Former CalPERS Board Member Accused of Bribery Dies

Alfred R. Villalobos, accused of bribing CalPERS officials to benefit investment firms, was set to go to trial February 23.

Former California Public Employees Retirement System (CalPERS) Board member Alfred R. Villalobos has died just a month before he was to go on trial for a bribery and fraud scheme relating to pension fund investments.

Police received a call from a Nevada gun club that there was “a possible suicidal person” there, and when they arrived, they found Villalobos dead from a gunshot wound, according to the Associated Press. Police are investigating, but said it was “apparently self-inflicted.” However, Villalobos’ attorney, Bruce Funk, maintained that Villalobos’ death was connected to his “protracted and painful illness,” not the upcoming trial. “He was looking forward to the trial and exonerating himself,” Funk said.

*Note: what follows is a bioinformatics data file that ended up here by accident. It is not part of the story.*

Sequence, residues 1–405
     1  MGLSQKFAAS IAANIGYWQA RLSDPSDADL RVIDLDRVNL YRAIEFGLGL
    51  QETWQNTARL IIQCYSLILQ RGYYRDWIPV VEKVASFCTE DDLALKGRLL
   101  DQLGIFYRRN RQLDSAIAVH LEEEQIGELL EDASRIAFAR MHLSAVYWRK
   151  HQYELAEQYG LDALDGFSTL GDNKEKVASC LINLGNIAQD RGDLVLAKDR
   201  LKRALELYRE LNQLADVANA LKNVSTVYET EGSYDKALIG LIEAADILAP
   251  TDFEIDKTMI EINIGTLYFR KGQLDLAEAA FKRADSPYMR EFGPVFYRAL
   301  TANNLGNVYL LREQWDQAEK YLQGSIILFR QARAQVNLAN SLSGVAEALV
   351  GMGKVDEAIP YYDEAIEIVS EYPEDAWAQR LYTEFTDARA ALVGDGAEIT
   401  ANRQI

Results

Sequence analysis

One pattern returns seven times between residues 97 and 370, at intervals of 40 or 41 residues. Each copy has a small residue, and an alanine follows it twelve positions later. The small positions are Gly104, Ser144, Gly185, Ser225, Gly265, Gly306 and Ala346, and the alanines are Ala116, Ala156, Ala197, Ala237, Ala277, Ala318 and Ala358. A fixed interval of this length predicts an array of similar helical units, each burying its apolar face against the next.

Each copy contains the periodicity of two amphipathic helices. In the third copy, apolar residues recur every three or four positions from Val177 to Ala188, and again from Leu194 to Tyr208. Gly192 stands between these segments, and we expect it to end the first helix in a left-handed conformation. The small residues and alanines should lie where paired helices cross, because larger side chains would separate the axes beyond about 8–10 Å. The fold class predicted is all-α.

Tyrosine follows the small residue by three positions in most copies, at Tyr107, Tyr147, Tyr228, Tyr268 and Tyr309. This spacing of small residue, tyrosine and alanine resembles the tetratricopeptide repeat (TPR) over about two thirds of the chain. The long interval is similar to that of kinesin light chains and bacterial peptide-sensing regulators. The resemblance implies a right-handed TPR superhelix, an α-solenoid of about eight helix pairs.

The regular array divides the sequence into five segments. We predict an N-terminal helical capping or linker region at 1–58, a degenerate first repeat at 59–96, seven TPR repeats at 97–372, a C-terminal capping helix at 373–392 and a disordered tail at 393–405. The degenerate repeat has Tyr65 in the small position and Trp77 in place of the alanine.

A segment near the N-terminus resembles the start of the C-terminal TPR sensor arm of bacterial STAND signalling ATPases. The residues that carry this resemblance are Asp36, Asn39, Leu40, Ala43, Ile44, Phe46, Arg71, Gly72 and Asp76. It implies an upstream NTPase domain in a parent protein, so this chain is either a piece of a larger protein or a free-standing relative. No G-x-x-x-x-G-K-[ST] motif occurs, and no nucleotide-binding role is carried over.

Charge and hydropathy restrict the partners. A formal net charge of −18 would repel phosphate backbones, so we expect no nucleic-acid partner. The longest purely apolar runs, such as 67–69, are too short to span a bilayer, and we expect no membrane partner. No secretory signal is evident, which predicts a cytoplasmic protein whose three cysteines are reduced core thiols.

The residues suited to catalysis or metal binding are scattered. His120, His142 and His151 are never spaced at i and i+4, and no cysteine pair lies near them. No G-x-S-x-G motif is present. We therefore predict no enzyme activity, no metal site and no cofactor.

In a recent court filing, Funk said Villalobos had gone to an emergency room numerous times over the previous five months and had difficulty communicating during a recent phone conversation, the news report said. Villalobos was 71.

According to the lawsuit against Villalobos, former CEO of CalPERS Federico Buenrostro Jr. took tens of thousands of dollars’ worth of gifts from placement agent Villalobos, whose company, Arvco Capital Research, obtained more than $47 million in “undisclosed and unlawful commissions for selling approximately $4.8 billion worth of securities to CalPERS” from 2005 to 2009. The suit claims that Villalobos compromised Buenrostro and other CalPERS officials with gifts, which ultimately “compromised the integrity of CalPERS’ investment process” and violated the state corporations code.

The gifts included round-the-world trips as well as private jet flights for fund executives to attend a New York fundraiser honoring Leon Black, founder of investment firm Apollo Global Management, Villalobos’ biggest client at CalPERS. 

Last year, Buenrostro Jr. pled guilty to a charge of conspiracy to commit bribery and fraud. Villalobos pled not guilty to fraud and other charges, and his trial was set to start February 23.